What to eat in Osaka

Oana and I ate our weight in delicious food when we were in Japan for two weeks… and a lot of the most memorable turned out to be in Osaka! Supposedly, people in Osaka spend more money on food than anything else and the food culture is described as “kuidaore” (eat ’til you drop). I definitely ate my weight in Osakan cuisine and have been since telling everyone who’s planning a Japan holiday to put Osaka on their list. Three days in Osaka definitely wasn’t enough but we did manage to sample a fair few things…


Takoyaki are grilled doughy balls stuffed with octopus and, oh my gosh, they are amazing. Slather some mayonnaise and dried bonito flakes on top and you have some warm, delicious octopus balls. Takoyaki are sold all over Osaka as street food and in restaurants and are very filling, so you get your money’s worth. We’re starting to see these in Japanese restaurants in England, so if you do spot them on the menu next time you’re eating out, go for them!


Yep, it’s another ‘yaki’. Okonomiyaki is a Japanese-style pancake that’s prepared in front of you on a griddle, where the delicious smells of shredded cabbage, squid, prawn or whatever else the chef throws into the mix. Top it all off with special okonomiyaki sauce, mayonnaise and dried bonito flakes (noticing a theme here?) and you have a delicious okonomiyaki ready to be cut into with a trowel.  The best okonomiyaki is found in Osaka and it’s now my absolute favourite Japanese food.


It’s the ‘yaki’ trio! Teppanyaki literally means ‘grilling on a metal plate’ – and teppanyaki restaurants will sit down diners at an iron griddle where the chef prepares food for them. This can be anything from crispy yaki udon noodles to okonomiyaki to steak to even gristle (hilariously mistranslated as ‘hormone’ on some menus). Teppanyaki restaurants are fun and lively, but watch out for the occasional spit of hot oil!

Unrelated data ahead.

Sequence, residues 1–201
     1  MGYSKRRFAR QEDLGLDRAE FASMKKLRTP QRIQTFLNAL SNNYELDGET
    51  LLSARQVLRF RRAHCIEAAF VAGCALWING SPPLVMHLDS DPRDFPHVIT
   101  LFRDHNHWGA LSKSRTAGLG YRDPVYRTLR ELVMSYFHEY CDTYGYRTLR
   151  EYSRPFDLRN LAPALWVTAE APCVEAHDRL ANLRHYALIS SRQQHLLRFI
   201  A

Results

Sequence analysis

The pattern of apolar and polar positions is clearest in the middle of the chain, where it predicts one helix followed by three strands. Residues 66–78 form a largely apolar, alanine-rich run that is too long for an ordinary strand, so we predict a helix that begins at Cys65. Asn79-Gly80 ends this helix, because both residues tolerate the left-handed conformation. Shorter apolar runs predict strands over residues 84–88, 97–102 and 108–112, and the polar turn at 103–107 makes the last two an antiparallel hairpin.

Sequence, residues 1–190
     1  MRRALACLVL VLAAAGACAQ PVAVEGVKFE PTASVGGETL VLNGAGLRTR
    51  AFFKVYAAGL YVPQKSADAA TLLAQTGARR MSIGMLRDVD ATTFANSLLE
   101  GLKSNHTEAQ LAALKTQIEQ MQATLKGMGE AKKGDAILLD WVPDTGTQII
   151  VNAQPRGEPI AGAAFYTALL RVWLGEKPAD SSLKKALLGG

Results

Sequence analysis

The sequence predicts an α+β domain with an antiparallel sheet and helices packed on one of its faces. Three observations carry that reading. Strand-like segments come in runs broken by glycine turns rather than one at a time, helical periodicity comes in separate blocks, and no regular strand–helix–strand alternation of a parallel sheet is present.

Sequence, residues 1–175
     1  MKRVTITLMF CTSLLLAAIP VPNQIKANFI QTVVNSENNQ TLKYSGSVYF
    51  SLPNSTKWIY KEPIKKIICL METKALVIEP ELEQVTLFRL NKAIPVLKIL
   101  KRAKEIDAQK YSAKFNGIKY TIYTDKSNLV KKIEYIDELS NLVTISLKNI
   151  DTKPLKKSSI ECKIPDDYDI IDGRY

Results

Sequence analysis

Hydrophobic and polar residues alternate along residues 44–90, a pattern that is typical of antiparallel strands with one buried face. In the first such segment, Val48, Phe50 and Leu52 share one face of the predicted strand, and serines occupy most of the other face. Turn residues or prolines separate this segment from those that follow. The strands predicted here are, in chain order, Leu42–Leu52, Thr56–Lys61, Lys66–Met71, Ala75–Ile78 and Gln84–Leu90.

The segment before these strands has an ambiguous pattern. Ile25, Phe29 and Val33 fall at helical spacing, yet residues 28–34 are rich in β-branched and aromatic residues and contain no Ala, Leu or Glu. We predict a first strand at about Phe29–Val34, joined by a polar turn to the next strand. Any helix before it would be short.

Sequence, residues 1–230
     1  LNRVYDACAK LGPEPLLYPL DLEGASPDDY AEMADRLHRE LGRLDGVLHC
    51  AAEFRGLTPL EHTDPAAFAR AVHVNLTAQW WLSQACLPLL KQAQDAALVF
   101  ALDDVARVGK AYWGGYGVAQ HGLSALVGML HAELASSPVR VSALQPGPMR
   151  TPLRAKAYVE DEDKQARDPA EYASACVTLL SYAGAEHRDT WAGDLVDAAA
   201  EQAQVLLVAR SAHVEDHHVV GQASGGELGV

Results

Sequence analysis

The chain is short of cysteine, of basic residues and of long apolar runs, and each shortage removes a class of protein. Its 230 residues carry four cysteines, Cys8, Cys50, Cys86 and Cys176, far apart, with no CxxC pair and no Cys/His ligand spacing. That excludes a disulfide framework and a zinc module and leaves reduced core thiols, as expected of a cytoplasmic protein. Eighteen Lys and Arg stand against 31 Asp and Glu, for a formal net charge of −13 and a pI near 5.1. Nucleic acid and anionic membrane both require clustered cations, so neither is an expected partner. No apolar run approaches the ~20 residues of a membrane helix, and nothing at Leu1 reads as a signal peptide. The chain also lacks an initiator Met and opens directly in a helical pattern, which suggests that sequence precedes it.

Kushikatsu is very simply deep fried food on skewers. We generally had meat or veggie kushikatsu but we did see more unusual things like strawberry and even sea urchin on the menu. Kushikatsu is the perfect ‘on the go’ snack and it probably isn’t that healthy, but who cares?

The sweet stuff

Osaka isn’t the only place in Japan where you’ll find sugar-heavy desserts but Osaka definitely has its fair share of them! The French-looking Maison de Gigi looks pretty out of place in downtown Osaka but it is worth visiting for its amazing parfaits. There was also a Grandma’s Crepes-esque stand which drew a huge crowd and we also experienced our first ‘melon soda’, which basically just tastes of sugar and green. All of these things are delicious, of course, and you can pretend you’re working all that sugar off when you’re walking around Osaka.

If you’re a proper foodie, Dotonbori and Shinsekai are two of the best places to go for your Osaka cuisine fix. Wherever you end up, you’re sure to receive a warm Osaka welcome!

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